Friday, May 17

Scott Miller (R.I.P.) - admirer of The dB's, et al

It’s not only sad but also kind of strange that I’m falling in love with the music of a man who died just a month ago.
Scott & guitar, posing for the Real Nighttime cover shoot
In college, I heard about Scott Miller because of Game Theory, the group he fronted at the time. Although that was decades ago, I’m pretty sure I was turned on to the group’s music for two reasons: 1) Because they had a few singles that charted on “college rock” radio stations, and 2) Because Mitch Easter produced most of Game Theory’s albums.
The Dudes: Scott & Mitch

I have to confess that, after buying and listening to Big Shot Chronicles and Lolita Nation, I placed Game Theory in my second tier of artists worth a listen. I was drawn to the music’s melodicism, alt-rock crunch and frequently challenging wordplay. But some of the noise experiments and avant-garde elements didn’t do much for me — perhaps because I wasn’t ready to appreciate them. In the end, the 1980s weren’t the “opportune time” for me to fully get or dig Scott Miller and Game Theory.
Scott Miller (seated) and Game Theory, in an early incarnation
Fast forward to the last few years. Somewhere along the way, I learned that Scott had been fronting a group called The Loud Family, with the overall vibe being similar to Game Theory. I thought, “Maybe I should give Scott and his ‘new’ band another try.” I did, and once again liked a lot of what I heard — but didn’t really take the plunge this time, either.

But in the past few weeks, Scott’s death has prompted me to revisit and reconsider the music as well as the man. My conclusion? Scott Miller and the groups he led are essential to fully appreciating great alt-pop and indie rock from the 1980s and 1990s. One other thing worth noting for musical posterity: by all accounts, Scott was brilliant, funny, warm, creative, and supremely talented — including his “miserable whine” of a voice (per Scott’s own self-deprecating description).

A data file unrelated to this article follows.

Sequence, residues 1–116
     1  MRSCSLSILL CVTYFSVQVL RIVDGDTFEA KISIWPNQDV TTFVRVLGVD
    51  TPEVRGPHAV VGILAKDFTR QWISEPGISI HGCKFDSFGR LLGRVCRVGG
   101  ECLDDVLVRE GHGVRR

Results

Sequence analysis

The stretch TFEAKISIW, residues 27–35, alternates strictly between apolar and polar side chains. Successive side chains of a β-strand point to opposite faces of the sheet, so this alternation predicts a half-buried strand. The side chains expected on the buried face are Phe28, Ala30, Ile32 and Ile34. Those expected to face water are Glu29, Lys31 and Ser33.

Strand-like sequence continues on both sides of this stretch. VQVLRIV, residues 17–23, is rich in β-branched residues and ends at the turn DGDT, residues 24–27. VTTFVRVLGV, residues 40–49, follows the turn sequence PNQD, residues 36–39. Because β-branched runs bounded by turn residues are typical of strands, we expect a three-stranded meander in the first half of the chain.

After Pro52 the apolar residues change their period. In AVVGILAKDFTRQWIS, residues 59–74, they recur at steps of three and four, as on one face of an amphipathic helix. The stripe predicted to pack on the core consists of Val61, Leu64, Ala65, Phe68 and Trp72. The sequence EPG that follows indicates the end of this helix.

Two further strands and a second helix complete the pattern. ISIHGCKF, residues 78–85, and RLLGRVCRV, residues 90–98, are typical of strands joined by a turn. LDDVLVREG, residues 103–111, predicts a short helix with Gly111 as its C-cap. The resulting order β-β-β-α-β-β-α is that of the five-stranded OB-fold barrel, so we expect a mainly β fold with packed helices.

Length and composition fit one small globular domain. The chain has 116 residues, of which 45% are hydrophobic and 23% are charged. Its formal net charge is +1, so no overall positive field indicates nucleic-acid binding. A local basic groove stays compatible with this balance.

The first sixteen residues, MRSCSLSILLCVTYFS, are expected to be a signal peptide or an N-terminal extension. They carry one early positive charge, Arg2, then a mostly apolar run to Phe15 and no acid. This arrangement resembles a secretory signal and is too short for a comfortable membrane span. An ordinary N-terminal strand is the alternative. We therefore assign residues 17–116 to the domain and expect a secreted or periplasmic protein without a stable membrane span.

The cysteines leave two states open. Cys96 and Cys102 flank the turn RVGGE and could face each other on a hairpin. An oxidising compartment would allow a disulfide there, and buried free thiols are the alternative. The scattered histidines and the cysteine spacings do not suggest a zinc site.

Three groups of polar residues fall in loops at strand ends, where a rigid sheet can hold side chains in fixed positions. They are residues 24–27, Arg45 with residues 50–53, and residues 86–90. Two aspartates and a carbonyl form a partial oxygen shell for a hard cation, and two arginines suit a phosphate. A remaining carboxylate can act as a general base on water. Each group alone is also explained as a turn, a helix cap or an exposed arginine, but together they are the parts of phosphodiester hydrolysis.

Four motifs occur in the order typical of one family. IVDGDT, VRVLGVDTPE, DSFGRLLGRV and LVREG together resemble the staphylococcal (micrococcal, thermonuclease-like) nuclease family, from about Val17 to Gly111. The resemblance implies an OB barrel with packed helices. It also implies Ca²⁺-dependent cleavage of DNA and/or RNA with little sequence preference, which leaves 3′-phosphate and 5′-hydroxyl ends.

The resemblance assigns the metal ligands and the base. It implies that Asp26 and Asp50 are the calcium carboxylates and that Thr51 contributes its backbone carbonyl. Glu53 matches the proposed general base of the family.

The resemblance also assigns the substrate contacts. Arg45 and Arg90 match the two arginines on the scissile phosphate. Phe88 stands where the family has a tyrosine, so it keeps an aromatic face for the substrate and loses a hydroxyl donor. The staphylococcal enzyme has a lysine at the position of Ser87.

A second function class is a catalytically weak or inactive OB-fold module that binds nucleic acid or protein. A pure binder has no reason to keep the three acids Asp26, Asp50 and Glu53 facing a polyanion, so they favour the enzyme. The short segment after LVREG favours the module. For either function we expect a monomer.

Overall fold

The store sign tells you what he shoulda been...
Scott sang Big Star's "Back of a Car"

The jewel in the crown of my new-found appreciation for Scott Miller is that he was a huge fan of not only The dB’s, but also Let’s Active and all the music created by Chris, Peter and Mitch. Just last week, I was surprised to encounter The Loud Family’s cover of The dB’s “Tearjerkin’” (included in one of this week’s two music posts). I had the further delight of reading excerpts from Scott’s fantastic Music: What Happened? The book is a chronicle of music from 1957-2011 viewed from the singular perspective of a handful of songs (grouped by their year of release) that Scott writes about with an engaging and quite readable style. [Read excerpts for free and find links to buy the book at Scott’s official site.]

Here are some of the songs you will recognize that Scott includes in the book, along with a coupla choice quotes for good measure:

·     "If I can convert a thousand new people to [the music of] Chris Stamey, there is absolutely no chance my life will have been in vain."
·     1980 - "Black and White" 
·     1981 - "Tearjerkin' "
·     1982 – “Happenstance”
“Some significant percentage of my hope for music at the start of the eighties was pinned to The dB’s…. By 1982 The dB’s were putting out great, inventive, profoundly musical records, and the world wasn’t buying. The writing was on the wall.” In this last sentence, I’m pretty sure Scott was alluding to the dim prospects for the popular success of the music he wanted to make.
·     1983 – “Every Word Means No”
·     1984 – “Something Came Over Me,” “Darby Hall, “ “Grey Scale”
·     1986 – “In Little Ways”
·     2009 – “My Friend the Sun” (Peter and Chris’ version)
Peter H and some members of Game Theory: mutual admiration
There are yet more songs in the book that are related to The dB’s and Let’s Active. But you’ll just have to go find a copy and read it to discover which ones — not to mention what the late and very great Scott Miller had to say about them.

Rest In Peace, indeed.

And for the rest of us — yet to shuffle off this mortal coil — 
happy listening and reading.


  1. Nice post.

    He was a great one. "REM with keyboards" was my concise (and not fully accurate but close enough) description of his music.

    And he was a very good writer on music, and sometimes on other topics as well.

    I really, really felt sad when this person I never knew died.

    Looking forward to checking out your music uploads of Scott and his bands.

    Ace K.